There's a great moment buried in the center of writer/director Jeff Wadlow's KICK-ASS 2 that best epitomizes the film. When Dave aka Kick-Ass (Aaron Taylor-Johnson) realizes that he's going to need more than just his self-made prowess and equally amateur partner, Dr. Gravity (Donald Faison), to defeat the street scum that perpetually invade the area, he is introduced to a crew of up-and-coming vigilantes who are none other than regular people who in one way or another have been bullied or mocked by society, senseless crime and life itself. They just happen to wear costumes.
It's that eye-opening moment when the film becomes more than simply a frenzied, sometimes entertaining blur of violence; it is an offer of hope for the meek, solidarity for the desperate loners and satiable vengeance for those seeking an outlet for their pain. This is further punctuated by the brash yet surprisingly humble character Colonel Stars and Stripes, the leader of the aforementioned gang of misfits, excellently played by Jim Carrey.
But the movie doesn't have many moments like this, it does seek to say something more than the first film helmed by Matthew Vaughan did. It begins in standard Kick-Ass style: The nerdy Dave (who has somehow managed to keep his girlfriend from the first film) gets a few lessons in badassery from the ultimate card-carrying member, Mindy aka Hit-Girl (Chloë Grace Moretz), who shoots a few rounds into his bullet proof vest to toughen him up. After he gets over the stun of getting beat (by a petite high school freshman, at that), they share a few laughs and go on to their next challenge.
Mindy teaches Dave everything she knows about street defense, then soon abandons him when she is encouraged by her guardian Marcus, a detective played by Morris Chestnut, to give up her warfare and get back to being a "normal" teenager. After Dave, who takes comfort in the ability to transform behind his superhero gear, tries to persuade Mindy to rejoin the superhero realm to no avail, he sets out on a solo mission to avenge thugs, which is when he meets Colonel Stars and Stripes and his people.
Things are going fairly well for the good guys until they learn their non-violent but aggressive approach to retaliation is no match for Red Mist reinvented as The Motherf%&*^r aka Chris D'Amico (Christopher Mintz-Plasse), the raging lunatic carrying a a serious grudge against Kick-Ass after he killed his dad in the first film. Tripping on his power with his newfound gang of crazies, he concocts a plan for which none of them are prepared.
While the character development and underlying premise of this installment are far more eloquently stated than they were in the first film, KICK-ASS 2, like its characters, suffers at times from a dual identity. It's clear that Wadlow aimed to take the shock value of extreme violence and underage cursing from the first film and turn it up a notch, even showing Hit-Girl throwing a man under a speeding car and The Motherf%&*^r aka's gang wind up a lawnmower and hoist it through the windshield of a cop car. It's over the top and uncomfortably graphic at times, and it's oddly paired with emotional scenes like Mindy struggling to fit in with the popular mean girls clique while simultaneously longing to carry out her late father's legacy as a superhero. It's fine to add this nuance to a film that could be seen as unequivocally alpha nerd male, but its two tones, while strongly written, are equally imperious to the point of fatigue. Wadlow is trying to say so much at once sometimes that by the time we get to a few of the scenes, like when Mindy gets back at the mean girls, they just come off as noise.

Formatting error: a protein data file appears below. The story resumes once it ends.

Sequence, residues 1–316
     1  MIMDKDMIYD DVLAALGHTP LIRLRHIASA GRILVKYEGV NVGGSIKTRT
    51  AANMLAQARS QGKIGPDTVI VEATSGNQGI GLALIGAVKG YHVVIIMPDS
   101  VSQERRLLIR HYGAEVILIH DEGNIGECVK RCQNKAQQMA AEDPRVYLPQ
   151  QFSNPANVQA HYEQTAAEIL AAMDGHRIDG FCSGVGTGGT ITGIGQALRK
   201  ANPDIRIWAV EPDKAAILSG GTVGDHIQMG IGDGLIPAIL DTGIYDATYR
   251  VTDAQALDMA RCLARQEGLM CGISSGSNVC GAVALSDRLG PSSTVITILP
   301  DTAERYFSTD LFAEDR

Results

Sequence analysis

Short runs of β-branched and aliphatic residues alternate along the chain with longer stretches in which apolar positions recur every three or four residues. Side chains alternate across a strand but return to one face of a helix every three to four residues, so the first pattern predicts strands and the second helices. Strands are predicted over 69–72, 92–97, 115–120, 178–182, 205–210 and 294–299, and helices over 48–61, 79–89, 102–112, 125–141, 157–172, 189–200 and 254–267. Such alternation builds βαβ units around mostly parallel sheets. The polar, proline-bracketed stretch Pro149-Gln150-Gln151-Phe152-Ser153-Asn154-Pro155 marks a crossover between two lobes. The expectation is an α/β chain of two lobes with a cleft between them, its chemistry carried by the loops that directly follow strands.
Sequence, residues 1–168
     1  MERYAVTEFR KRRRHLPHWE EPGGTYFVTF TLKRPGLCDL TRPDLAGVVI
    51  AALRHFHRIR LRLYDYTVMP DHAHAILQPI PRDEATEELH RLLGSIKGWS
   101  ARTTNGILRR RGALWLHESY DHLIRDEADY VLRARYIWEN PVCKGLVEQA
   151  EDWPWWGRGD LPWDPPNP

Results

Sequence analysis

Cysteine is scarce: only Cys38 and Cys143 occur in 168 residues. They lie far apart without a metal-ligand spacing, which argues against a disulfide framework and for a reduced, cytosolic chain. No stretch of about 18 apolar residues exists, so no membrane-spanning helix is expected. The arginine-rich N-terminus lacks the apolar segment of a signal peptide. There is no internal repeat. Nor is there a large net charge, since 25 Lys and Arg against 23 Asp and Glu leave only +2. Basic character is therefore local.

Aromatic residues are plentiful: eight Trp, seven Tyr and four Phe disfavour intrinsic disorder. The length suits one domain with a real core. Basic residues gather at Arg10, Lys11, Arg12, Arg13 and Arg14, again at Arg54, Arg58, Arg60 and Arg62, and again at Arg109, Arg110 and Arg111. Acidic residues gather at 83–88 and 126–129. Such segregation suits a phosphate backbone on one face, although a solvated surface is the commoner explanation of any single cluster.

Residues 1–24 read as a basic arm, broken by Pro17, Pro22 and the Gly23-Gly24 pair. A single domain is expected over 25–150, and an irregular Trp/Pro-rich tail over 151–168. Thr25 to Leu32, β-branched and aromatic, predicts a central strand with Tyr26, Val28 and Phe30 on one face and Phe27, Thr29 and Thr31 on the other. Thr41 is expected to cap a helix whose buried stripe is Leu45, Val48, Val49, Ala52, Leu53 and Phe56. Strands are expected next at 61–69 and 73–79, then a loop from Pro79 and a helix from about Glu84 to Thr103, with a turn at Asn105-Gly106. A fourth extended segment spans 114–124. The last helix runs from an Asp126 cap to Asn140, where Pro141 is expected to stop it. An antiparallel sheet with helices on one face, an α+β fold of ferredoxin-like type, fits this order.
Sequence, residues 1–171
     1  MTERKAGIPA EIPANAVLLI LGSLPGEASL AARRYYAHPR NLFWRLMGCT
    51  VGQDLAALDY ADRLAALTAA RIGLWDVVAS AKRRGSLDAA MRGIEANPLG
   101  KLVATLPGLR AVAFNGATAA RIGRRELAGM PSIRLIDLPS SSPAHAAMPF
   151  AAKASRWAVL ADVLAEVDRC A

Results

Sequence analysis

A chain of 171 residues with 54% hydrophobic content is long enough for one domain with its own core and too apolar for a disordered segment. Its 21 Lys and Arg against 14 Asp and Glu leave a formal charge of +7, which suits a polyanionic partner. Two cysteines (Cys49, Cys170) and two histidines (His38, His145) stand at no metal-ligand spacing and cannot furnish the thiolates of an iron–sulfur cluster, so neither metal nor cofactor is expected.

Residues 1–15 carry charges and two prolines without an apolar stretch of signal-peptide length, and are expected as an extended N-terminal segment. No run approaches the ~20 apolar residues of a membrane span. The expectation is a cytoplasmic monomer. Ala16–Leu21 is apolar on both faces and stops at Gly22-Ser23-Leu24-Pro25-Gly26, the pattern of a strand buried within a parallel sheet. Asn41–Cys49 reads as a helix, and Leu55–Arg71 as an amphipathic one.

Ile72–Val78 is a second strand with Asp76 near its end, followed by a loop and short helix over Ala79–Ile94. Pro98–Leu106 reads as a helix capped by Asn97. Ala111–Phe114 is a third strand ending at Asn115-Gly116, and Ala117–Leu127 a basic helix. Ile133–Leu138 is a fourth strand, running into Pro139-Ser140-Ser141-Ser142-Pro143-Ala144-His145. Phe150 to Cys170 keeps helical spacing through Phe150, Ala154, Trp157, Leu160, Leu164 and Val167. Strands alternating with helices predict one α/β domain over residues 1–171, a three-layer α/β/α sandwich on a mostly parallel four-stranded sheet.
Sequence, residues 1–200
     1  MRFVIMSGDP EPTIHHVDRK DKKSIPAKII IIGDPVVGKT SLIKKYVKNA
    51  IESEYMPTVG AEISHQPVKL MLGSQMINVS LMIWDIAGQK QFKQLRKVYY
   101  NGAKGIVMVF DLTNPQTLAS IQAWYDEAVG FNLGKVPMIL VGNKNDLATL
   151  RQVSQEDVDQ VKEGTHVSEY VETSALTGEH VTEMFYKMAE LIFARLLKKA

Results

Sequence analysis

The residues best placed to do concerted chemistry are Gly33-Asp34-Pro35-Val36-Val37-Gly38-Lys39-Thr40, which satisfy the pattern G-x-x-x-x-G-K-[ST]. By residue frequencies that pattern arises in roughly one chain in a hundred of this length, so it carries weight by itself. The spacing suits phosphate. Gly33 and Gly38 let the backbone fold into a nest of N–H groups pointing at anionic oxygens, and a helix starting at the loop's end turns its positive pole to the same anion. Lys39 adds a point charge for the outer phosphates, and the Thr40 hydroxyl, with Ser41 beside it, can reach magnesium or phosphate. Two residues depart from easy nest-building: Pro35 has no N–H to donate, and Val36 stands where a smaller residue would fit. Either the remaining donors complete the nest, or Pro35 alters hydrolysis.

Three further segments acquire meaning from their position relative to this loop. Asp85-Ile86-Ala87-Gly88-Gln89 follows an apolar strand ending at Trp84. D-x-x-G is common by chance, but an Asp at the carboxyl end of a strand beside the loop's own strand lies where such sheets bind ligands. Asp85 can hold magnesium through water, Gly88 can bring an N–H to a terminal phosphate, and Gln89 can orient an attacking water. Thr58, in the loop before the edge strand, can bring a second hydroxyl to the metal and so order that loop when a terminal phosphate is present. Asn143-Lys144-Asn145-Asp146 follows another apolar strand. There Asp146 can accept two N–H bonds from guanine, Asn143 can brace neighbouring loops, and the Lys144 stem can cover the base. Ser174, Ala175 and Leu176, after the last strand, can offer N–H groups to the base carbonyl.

But aside from its frequent attempt to show itself as a more hopped up version of the first installment, there are genuine moments in this new film that wonderfully support the chaotic appeal of the masses. Moretz is effectively charming and wild all at once, while at the same time gives the film its much needed heart. The moral compass of the film, however, unexpectedly comes from Carrey, whose militant colonel offers a soft paternal comfort to his crew long even after they venture out on their own. Carrey seamlessly blends his erratic fireman alter ego from "In Living Color" with a more dramatic distinction that could only be attributed to his evolution as an actor. Plus, he still manages to be hilarious.
Mintz-Plasse is part cartoon and part maniac, and he does both extremes quite well. For a relatively small guy like The Motherf%&*^r, who relies on his own hype to intimidate everyone around him, he manages to still come across shockingly evil wearing a costume made out of his mom's kinky leather gear. Meanwhile, Taylor-Johnson is attractive but still lacks the charisma of a more polished actor. He is serviceable as both Dave and Kick-Ass, but not without the help of the rest of the cast that provide more magnetic performances, regardless of screen time.
At the end of the day, is KICK-ASS 2 a fun watch? Absolutely, it's a cinematic rollercoaster that should probably come with a seat belt. But it also approaches topical themes that will resonate with audiences, particularly parents and young adults. While Wadlow's efforts aren't always smooth, in many ways they're a step up from the more one-dimensional original.
Rating: B- (*** out of *****)
KICK-ASS 2 is in theaters Friday.